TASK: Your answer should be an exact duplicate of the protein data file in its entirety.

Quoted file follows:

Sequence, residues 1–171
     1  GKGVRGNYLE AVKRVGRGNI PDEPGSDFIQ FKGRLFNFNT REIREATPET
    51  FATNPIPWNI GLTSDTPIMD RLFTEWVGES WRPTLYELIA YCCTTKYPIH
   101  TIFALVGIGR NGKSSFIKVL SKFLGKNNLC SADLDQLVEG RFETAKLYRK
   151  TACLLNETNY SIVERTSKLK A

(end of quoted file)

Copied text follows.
Sequence, residues 1–171
     1  GKGVRGNYLE AVKRVGRGNI PDEPGSDFIQ FKGRLFNFNT REIREATPET
    51  FATNPIPWNI GLTSDTPIMD RLFTEWVGES WRPTLYELIA YCCTTKYPIH
   101  TIFALVGIGR NGKSSFIKVL SKFLGKNNLC SADLDQLVEG RFETAKLYRK
   151  TACLLNETNY SIVERTSKLK A